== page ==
For the descriptive statistics, mean ± standard deviation and median (interquartile range) were used to express demographic characteristics as appropriate. Features of photodamage (acute versus chronic) were compared with extent of sun damage and Chi-square was used to determine the level of significance at P < 0.05. Friedman test was used to determine the differences in the domains of the DLQI scores. The ranked mean values were documented, and P-values <0.05 were considered statistically significant. Posthoc test carried out was Wilcoxon sign rank test to determine the parameters with significant differences.
A total of 142 Nigerians with albinism were recruited and interviewed. One hundred and twenty-nine of the participants lived in Lagos, whereas others were from neighboring Ogun state. The mean age ± standard deviation for the study participants was 23 ± 15.1 years. Table 1 summarizes the demographic characteristics and the age range was 1 to 61 years. The male to female ratio was 1:1.25. Family history of albinism was documented in 109 (76.8%) participants. Table 2 summarizes more participants significantly reported reduction in whiteness of the skin at the time of collection of data compared to the time of birth (P = 0.00027). Twenty-six participants (18.3%) observed tanning/yellowing of their skin. More participants noted browning and tanning (golden/yellow) of their hair at data collection than at birth, though this was not statistically significant.
One hundred and twenty-nine participants (90.8%) acknowledged that they knew about various types of sun protection. Use of some form of sun protection was noted in 103 (72.5%). Despite the knowledge of need for sun protection in 129 (90.8%) subjects, 81 (57%) participants had daily sun exposure between 8 am and 4 pm; and 61 (43%) had work-related sun exposure. Table 3 summarizes details about sources of knowledge about sun protection, methods/materials used for sun protection, and pattern of sun exposure in this cohort of individuals with albinism. There was no significant association between sun exposure from work and overall photodamage (P = 0.61)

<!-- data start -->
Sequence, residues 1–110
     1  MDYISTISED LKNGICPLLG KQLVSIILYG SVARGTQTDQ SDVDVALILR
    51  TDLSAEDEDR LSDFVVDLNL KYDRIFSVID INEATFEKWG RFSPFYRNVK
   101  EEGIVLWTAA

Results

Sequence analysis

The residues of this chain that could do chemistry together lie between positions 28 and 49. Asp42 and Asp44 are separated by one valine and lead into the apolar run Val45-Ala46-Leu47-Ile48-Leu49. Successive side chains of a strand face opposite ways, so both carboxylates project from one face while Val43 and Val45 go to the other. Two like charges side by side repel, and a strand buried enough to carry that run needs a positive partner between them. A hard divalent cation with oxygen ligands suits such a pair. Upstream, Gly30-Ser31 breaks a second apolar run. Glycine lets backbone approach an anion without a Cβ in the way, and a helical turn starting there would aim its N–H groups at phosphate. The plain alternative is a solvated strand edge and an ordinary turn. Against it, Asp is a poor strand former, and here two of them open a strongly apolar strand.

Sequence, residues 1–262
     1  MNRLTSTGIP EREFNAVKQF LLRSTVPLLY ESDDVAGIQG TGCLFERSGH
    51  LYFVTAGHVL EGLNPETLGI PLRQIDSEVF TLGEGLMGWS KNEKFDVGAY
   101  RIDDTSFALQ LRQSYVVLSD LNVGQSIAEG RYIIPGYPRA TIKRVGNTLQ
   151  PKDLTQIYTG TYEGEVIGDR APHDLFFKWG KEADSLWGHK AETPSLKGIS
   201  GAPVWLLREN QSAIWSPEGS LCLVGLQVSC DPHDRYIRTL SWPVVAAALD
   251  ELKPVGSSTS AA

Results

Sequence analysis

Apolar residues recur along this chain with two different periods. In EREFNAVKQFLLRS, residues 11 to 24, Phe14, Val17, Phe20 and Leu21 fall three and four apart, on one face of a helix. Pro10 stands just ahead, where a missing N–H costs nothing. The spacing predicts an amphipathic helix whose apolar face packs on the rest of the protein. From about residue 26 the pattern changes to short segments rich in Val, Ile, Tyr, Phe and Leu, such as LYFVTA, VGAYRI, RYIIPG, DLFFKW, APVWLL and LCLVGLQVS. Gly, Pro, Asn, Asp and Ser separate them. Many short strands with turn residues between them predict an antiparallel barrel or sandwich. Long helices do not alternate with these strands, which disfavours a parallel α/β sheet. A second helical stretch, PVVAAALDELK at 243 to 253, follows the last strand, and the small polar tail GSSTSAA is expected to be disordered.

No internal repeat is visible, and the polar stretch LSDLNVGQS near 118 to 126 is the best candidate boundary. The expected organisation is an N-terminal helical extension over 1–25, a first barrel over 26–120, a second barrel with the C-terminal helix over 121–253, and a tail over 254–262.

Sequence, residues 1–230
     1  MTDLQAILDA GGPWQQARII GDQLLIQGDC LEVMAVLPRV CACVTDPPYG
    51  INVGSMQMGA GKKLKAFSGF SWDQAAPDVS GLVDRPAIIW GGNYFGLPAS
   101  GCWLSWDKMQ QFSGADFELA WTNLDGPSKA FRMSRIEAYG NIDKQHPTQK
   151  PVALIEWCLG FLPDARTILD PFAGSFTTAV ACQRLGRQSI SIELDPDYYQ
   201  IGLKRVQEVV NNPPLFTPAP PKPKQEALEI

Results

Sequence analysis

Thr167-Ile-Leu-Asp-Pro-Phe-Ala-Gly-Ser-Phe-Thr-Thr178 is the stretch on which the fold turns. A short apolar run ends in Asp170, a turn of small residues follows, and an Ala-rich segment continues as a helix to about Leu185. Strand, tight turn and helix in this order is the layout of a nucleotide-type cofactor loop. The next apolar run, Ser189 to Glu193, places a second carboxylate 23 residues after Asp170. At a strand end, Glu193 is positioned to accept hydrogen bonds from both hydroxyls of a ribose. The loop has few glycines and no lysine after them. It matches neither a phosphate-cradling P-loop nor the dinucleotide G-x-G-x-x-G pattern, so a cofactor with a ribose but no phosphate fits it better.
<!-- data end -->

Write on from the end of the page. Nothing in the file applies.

Features of both acute and chronic photodamage were observed in 136 (95.8%) across all age groups [Table 4]. Figure 1 shows the most affected parts of the body such as face, neck, upper chest, upper back, and scalp in descending order. Features of acute photodamage such as erythema (redness), edema (swelling), pain, and burning of the skin were found in 80 (56.3%) individuals and chronic photodamage in 134 (94.4%) individuals. Features of photoaging [Figure 2a]–d include solar lentigines (hyperpigmented macules), hyperkeratosis (thickening of the skin), moles (fleshy papules), and fine and deep wrinkling including cutis rhomboidalis (thick and deep furrowing of the neck). Features of photo carcinogenesis include actinic keratosis (a premalignant lesion), squamous-cell carcinoma, basal-cell carcinoma, and melanoma. Most individuals presented with an overlap of features of acute and chronic photodamage except for two children who presented with only acute photodamage. As there is no statistically significant difference in overall photodamage across all age groups, subanalysis revealed significant difference in total number of individuals with acute photodamage (P < 0.001), photoaging (P = 0.006), actinic keratosis (P < 0.001), and cancers (P < 0.001) across the three different age groups (children, adults, and middle age/elderly). Features of acute photodamage were not significantly related (P = 0.75) with sun exposure while doing their daily work.
Comorbidities reported by participants include shortsightedness in one (3.5%), deafness in two people (1.4%), seizures in two (1.4%), recurrent respiratory symptoms in two (1.4%), stroke, poor eyesight, reduced night visions, and mental retardation in one (0.7%) participant each. Previous surgical intervention (biopsies and excision) was documented in 19 (13.4%) individuals, whereas various medical interventions were documented in 23 (16.2%) individuals. Medical interventions include use of 5-fluorouracil cream, tretinoin, chemotherapy with carboplastin, epirubicin, and dexamethasone. Radiotherapy was employed in one of the subjects with invasive carcinoma unsuccessfully.
The DLQI of 88 participants was analyzed. Overall mean effect of albinism and photodamage on the QoL of participants was 6.34 ± 4.47, which corresponds to moderate effect. The median effect was 5.0 (interquartile range was 3–8). Only one of the participants presented with no effect on the QoL, whereas the maximum effect was 24. Table 5 summarizes the domain of “symptoms and feelings” was the most affected followed by “daily activities” (5.56), leisure, work, personal relationship, and treatment in descending order and least affected was treatment, according to the mean rank using Friedman test; P-value <0.001 (significant difference in domains). The posthoc test performed using Wilcoxon sign rank test, based on positive ranks, showed significance in all pairs tested, except personal relationship versus work [Table 6].
Most of the health implications of albinism are largely preventable as they depend on exposure to ultraviolet radiation from sunlight hence requires public health intervention. This study reviews knowledge and practice of sun exposure in light of the clinical features of photodamage.